Silver-spotted Skipper (Epargyreus clarus)
The Silver-spotted Skipper is a species of butterfly belonging to the ‘skipper’ group that, according to the scientists, are intermediate between the butterflies and the moths. They are widely scattered throughout the United States, and some parts of the neighboring countries.
Description and Identification
The larva has a segmented body, with each segment alternating with peach-orange and beige. The head is dark brown to black, while the tiny legs are dark orange in color. As they age, they gradually turn bright yellow, with the head turning bright red with two distinct yellow spots resembling eyes (as an adaptation to scare off predators). They survive on several woody legumes from their host plants.
The pupae are relatively flatter, and with a dull gray-yellow to rusty brown coloration, that perfectly blends with the dry/dead leaves of the host plants.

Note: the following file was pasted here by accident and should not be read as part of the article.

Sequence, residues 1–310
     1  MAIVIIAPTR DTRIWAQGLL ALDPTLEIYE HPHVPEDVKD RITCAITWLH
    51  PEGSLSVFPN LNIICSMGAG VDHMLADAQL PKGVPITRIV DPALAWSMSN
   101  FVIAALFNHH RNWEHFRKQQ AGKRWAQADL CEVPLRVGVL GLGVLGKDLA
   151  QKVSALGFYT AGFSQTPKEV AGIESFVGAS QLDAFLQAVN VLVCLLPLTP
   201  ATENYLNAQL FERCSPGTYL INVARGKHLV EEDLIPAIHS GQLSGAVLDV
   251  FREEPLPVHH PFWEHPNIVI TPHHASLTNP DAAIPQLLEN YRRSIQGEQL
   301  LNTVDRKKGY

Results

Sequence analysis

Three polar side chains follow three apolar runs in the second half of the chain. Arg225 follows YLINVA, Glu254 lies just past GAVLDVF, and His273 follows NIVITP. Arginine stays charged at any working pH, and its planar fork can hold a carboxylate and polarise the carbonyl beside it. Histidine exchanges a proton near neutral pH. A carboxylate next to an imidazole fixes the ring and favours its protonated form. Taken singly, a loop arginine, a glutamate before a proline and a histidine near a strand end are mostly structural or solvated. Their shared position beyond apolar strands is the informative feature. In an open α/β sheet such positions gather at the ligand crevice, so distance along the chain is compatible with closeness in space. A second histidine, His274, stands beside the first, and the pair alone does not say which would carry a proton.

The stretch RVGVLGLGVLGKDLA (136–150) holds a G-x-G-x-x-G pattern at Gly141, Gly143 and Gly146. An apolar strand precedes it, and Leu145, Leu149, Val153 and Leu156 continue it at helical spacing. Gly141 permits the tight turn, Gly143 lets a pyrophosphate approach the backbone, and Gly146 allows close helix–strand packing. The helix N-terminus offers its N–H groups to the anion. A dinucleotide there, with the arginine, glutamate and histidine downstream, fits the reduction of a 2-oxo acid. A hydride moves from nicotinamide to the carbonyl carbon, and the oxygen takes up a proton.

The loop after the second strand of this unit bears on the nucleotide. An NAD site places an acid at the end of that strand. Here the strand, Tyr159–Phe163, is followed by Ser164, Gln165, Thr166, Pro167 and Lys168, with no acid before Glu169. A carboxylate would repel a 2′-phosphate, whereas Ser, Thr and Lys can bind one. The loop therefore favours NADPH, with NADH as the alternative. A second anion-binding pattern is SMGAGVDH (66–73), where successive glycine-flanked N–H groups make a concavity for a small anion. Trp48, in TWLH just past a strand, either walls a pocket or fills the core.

Sexual Dimorphism: Present
Color and Appearance: When the wings are open, they show a brownish black color with yellow to golden and orange markings. The males have two elongated, black marks in the middle of the forewings, which the females lack. Both the hindwings are lobed. When the wings are closed, they display more or less the same faint patterns except that, both the hindwings bear a metallic white band.
Average wingspan: 1.75 to 2.63 inches (4.5 to 6.7 cm)
Flight pattern: Swift and acrobatic
Lemon yellow in color, with segments like that of citrus fruits, and are laid one at a time.
|Distribution||Spread from southern regions of Canada throughout most of the US, down to northern Mexico (except in the Great Basin and western Texas)|
|Habitat||Sunny open lands, forest edges, foothill stream courses, fields, prairie waterways, and human-made gardens|
|Host plants||Mostly prefers black locust (Robinia pseudacacia), honey locust (Gleditsia triacanthos) and false indigo (Amorpha species)|
|Adult diet||Flower nectar|
Did You Know?
- The butterfly gets its name from the silver (metallic white) band on the back of the hindwings.
- The larvae are considered as pests, since they feed on several crop plants including soybean and kidney bean.
- The butterfly almost never visits yellow flowers but prefers red, pink, purple, blue, and, at times, white and cream.